Accounting and Accountability


Accountability is important. The nation will be ill served if officials who didn't do all they could to prevent a terrorist attack, or led the nation into an unnecessary war, manage to shift the blame to someone else.

But those weren't the only big mistakes of the last few years. Will anyone be held accountable for the mishandling of postwar Iraq?

Last month we learned that the United States, while it has spent vast sums on the war in Iraq, has so far provided almost no aid. Of $18.4 billion in reconstruction funds approved by Congress, only $400 million has been disbursed.

Almost all of the money spent by the Coalition Provisional Authority, which ran Iraq until late June, came from Iraqi sources, mainly oil revenues. This revelation helps explain one puzzle: the sluggish pace of reconstruction, which has yet to restore many essential services to prewar levels.

But it creates another puzzle: given that the authority was spending Iraq's money, why wasn't it more careful in its accounting?

When a foreign power takes control of an oil-rich nation's resources, it inevitably faces suspicion about its motives. Fairly or not, the locals are all too ready to believe that the invaders came to steal their oil.

The way to deal with such suspicion is to let in as much sunlight as possible by appointing financial officials with strong reputations for independence, keeping meticulous books, and welcoming and cooperating with international audits.

What actually happened was just the opposite. Every important official with responsibility for Iraqi finances was a Bush administration loyalist. The occupying authority dragged its feet on an international audit, which didn't even begin until April 2004.

When KPMG auditors hired by an international advisory board finally got to work, they found that no effort had been made to keep an accurate record of oil sales, and that accounting for the $20 billion Development Fund for Iraq consisted of "spreadsheets and pivot tables maintained by a single accountant."

The auditors also faced a lack of cooperation. They were denied access to Iraqi ministries, which were reputed to be the locus of epic corruption on the part of Iraqis with connections to the occupiers. They were also denied access to reports concerning what they delicately describe as "sole-source contracts."

Translation: they were stonewalled when they tried to find out what Halliburton did with $1.4 billion.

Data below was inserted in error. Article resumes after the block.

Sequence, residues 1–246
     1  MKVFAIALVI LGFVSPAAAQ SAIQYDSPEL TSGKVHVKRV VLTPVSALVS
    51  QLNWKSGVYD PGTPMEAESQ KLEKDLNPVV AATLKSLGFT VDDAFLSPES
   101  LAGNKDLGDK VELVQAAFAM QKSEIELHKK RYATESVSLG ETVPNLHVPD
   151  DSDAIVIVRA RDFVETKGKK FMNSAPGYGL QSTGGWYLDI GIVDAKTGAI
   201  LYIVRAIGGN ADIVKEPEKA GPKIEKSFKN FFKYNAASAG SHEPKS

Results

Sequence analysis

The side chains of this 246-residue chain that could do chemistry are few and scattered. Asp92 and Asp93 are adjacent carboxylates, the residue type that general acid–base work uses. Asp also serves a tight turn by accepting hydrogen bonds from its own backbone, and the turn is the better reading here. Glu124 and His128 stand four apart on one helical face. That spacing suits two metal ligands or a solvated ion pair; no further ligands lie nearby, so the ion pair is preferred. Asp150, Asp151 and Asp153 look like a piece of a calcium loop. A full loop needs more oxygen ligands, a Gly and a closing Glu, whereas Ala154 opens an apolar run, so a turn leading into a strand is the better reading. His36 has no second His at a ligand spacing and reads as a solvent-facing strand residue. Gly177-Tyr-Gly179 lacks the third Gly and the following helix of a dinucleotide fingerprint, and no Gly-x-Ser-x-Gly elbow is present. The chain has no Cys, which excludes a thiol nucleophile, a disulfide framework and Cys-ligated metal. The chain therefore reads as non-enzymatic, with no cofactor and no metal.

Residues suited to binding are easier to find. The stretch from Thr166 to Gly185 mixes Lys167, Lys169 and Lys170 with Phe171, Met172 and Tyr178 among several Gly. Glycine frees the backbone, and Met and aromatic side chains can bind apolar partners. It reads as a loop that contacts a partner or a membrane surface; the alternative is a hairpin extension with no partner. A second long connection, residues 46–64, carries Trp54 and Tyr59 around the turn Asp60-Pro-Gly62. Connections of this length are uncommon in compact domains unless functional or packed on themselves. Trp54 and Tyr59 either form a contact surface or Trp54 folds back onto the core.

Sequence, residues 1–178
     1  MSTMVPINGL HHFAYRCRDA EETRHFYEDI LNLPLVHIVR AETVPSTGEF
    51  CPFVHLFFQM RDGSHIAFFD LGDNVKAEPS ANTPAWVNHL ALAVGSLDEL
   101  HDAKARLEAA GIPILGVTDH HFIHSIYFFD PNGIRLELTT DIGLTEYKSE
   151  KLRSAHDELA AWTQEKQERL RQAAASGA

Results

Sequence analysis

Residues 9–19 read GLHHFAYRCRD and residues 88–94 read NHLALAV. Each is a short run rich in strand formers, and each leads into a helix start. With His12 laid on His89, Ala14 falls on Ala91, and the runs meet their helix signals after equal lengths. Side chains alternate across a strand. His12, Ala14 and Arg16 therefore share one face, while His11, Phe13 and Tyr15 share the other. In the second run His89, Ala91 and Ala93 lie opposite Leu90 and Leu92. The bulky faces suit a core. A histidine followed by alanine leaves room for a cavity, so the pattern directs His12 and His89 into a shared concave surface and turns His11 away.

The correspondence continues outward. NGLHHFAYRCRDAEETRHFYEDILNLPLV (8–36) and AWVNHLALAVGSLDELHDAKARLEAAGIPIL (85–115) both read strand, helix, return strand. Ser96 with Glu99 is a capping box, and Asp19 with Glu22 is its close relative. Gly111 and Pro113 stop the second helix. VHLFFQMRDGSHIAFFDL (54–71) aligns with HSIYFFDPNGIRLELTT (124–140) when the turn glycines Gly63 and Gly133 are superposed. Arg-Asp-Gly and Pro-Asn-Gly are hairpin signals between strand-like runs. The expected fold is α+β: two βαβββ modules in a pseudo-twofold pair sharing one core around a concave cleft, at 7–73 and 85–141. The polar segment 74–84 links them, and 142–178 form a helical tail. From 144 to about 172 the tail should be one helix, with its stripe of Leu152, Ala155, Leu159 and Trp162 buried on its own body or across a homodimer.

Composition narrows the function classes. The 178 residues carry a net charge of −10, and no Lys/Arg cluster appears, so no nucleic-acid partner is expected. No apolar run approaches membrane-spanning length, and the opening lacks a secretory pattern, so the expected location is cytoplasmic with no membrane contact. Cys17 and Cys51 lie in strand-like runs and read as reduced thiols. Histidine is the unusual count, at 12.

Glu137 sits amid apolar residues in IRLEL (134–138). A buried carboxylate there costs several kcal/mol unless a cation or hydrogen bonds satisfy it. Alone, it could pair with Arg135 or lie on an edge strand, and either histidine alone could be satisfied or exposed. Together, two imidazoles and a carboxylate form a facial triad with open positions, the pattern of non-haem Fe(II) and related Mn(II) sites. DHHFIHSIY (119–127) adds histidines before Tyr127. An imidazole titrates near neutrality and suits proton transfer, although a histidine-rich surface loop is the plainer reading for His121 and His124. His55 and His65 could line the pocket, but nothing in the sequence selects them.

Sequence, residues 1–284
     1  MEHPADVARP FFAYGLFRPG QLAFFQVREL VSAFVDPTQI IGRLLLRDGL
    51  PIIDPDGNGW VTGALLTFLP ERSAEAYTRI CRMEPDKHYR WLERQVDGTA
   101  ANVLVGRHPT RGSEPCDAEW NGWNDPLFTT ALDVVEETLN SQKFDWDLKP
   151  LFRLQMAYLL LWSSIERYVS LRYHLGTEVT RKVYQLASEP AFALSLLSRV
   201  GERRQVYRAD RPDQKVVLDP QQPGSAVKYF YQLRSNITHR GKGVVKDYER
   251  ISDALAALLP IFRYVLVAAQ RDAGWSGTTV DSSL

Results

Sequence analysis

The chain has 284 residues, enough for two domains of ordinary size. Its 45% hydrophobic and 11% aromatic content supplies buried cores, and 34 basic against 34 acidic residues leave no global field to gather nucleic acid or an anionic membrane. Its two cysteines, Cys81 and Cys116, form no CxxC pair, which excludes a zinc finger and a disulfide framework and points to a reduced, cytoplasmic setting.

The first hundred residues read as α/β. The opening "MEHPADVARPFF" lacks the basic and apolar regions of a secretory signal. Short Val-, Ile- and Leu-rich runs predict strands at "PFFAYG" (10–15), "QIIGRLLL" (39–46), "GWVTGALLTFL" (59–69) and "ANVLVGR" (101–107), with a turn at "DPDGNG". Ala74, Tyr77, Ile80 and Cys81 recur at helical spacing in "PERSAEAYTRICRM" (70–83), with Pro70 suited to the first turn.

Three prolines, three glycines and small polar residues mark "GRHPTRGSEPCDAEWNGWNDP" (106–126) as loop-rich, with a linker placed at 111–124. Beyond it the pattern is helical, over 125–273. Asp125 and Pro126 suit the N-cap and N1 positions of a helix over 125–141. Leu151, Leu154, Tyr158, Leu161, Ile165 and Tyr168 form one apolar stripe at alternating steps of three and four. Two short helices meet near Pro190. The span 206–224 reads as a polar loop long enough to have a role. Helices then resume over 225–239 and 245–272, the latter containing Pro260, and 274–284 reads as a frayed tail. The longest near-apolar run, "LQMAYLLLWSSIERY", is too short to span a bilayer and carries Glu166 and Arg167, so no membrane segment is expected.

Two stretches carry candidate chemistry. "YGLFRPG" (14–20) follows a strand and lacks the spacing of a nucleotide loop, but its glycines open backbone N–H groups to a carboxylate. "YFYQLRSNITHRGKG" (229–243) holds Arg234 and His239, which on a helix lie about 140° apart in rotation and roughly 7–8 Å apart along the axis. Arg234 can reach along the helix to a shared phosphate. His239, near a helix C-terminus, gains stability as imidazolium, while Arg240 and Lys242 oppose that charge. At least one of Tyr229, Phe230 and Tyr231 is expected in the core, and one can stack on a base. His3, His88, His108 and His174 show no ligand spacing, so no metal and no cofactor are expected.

By obstructing international auditors, by the way, the U.S. wasn't just fueling suspicion about the misappropriation of Iraqi oil money - it was also breaking its word. After Saddam's fall, the U.N. gave the U.S. the right to disburse Iraqi oil-for-food revenues, but only on the condition that this be accompanied by international auditing and oversight.

A digression: yes, oil-for-food is the U.N.-administered program from which Saddam undoubtedly siphoned off billions. But we expect America to be held to a higher standard.

There are also allegations that Saddam's revenue diversion was aided by corrupt U.N. officials. I think we should wait and see what Paul Volcker, the genuinely independent head of the U.N. inquiry - the sort of person the U.S. occupation should have employed - has to say. Meanwhile, it's worth noting that these accusations are entirely based on documents that are purported to be in the possession of none other than Ahmad Chalabi, who has himself been accused of corruption.

And there are a few curious side stories. On the day the U.S. raided Mr. Chalabi's offices, a British associate of Mr. Chalabi who had been promising to come out with a devastating report told London's Daily Telegraph that a remarkably effective hacker attack had destroyed all his computer files, including the backup copies.

After the United States's falling-out with Mr. Chalabi, the oil-for-food investigation was taken out of the hands of Mr. Chalabi's allies. But the new head of the investigation was assassinated on July 1.

Meanwhile, the war, fed by the failure of reconstruction, goes on. The transfer doesn't seem to have made any difference: more American soldiers were killed in the first three weeks of July than in all of June, even though Knight-Ridder reports that the U.S. military has stopped patrolling in much of Anbar Province, the heart of the insurgency.

And while the U.S. has yet to disburse any significant amount of aid, the Government Accountability Office says that war costs for this fiscal year alone will run $12.3 billion above Pentagon projections.

Will anyone be held accountable?

Originally published in The New York Times, 7.23.04